If you're new to the Graph API you should start with the Graph API Getting Started Guide.
The Graph API is the primary way that data is retrieved or posted to Facebook. The Getting Started Guide contains an overview of the basics of the API, walks you through using the Graph API Explorer, shows you how names work, how permissions work, what connections are and puts it all together so the rest of this reference make sense.
- Pictures are available on many objects and are the most commonly used object in the graph. This document covers how to access them. Pictures are not Photographs. For Photographs that people upload please see our Photo and Album reference API documents.
- Selecting Results
- When accessing objects in the graph, you can control which fields are returned.
- Many of the Graph APIs let you get data in small sets, with a way to page forward and backwards in time. This document covers how to use the pagination arguments and results.
- You can search through public objects with the Graph API. This document covers the basics on the objects you can search and how to page through results.
- Many APIs return dates. This document covers the default format we use at Facebook and how you can change it.
- Data Access - Login, Privacy and Permissions
- Much of the data you'll be accessing via the Graph API requires the user to allow you to access it. This includes reading anything beyond public data or writing data to a user's timeline. This document gives you pointers to what you need to do about the topics of privacy, permissions, login and auth tokens.
- Publishing with the Graph API
- People, pages, groups and applications all have a way to post stories to their respective timelines. This short article gives the basics of how to create simple posts. This article also covers how to generate likes and create comments.
- You can delete objects out of the graph. This article shows you how to delete objects, but also how to remove likes.
- Realtime Updates
- It's possible to get updates on objects you care about without having to poll Facebook on a regular basis. Facebook will push updates to you when they change. At scale, this can have a significant performance improvement for your app.
- Batch Requests
- It's possible to batch a bunch of requests together and make them all at once, instead of having to make a bunch of small requests. This can improve latency and overhead associated with making a large number of changes.
- Field Expansion
- This feature allows you to get a number of objects with a single query result. Much like batch requests for results, field expansion can reduce latency and improve the performance of your app.
Apps and Pages
- App Analytics
- We offer an API for app authors who want to programatically get analytics for their app.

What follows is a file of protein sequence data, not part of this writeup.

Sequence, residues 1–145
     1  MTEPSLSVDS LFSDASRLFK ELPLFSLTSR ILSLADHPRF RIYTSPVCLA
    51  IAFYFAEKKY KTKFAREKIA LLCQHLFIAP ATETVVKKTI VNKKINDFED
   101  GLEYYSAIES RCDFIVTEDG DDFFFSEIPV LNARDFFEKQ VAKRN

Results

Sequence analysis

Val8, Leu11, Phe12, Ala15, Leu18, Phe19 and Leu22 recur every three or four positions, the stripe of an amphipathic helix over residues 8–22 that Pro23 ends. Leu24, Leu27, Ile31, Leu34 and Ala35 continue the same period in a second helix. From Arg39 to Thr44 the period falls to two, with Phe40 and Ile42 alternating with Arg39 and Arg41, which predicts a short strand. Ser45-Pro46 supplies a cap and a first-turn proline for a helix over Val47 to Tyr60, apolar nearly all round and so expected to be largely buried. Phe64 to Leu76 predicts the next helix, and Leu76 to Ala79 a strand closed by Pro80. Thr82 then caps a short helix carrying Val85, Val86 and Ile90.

- There are a set of APIs to manage Pages. This lets you build apps that you can use to manage posts, gather analytics, post pictures or many other things.
- App and Games Groups
- Games on Facebook can create Facebook groups to give game players the chance to coordinate and socialize.
- The list of errors that Graph API calls can generate.
- Many objects allow you to determine the attributes and connections they support at runtime. This can be useful for debugging.
- You can retrieve localized content from the Graph API by adding the
- Some examples for accessing the Graph API.
- Request Parameters
- There are parameters that you can pass with Graph API requests that modify input and output types.
Instance for an achievement for a user.
An application registered on Facebook Platform
A checkin made through Facebook Places or the Graph API.
A Comment on a Graph API object
A website domain within the Graph API
Errors using the Graph API
Graph API Field Expansion
Statistics about applications, pages, or domain.
An Offer published by a page.
An order object associated with Facebook Credits.
Paging through Graph API results
A payment made through our Payments API.
An individual photo within an album
Using pictures with the Graph API
An individual entry in a profile's feed
Privacy Parameter for Graph API, REST API and Open Graph Actions.
Publishing with the Graph API
A question asked by a user, as represented in the Graph API.
An option allowed as an answer to a question.
The Graph API supports realtime updates to enable your app using Facebook to subscribe to changes in data from Facebook. Your app caches data and receives updates, rather than polling Facebook’s servers. Caching data and using this API can improve the reliability of your app and decrease its load times.
A review for an application
Searching with the Graph API.
Selecting results with the Graph API.
A status message on a user's wall
Updated about 2 months ago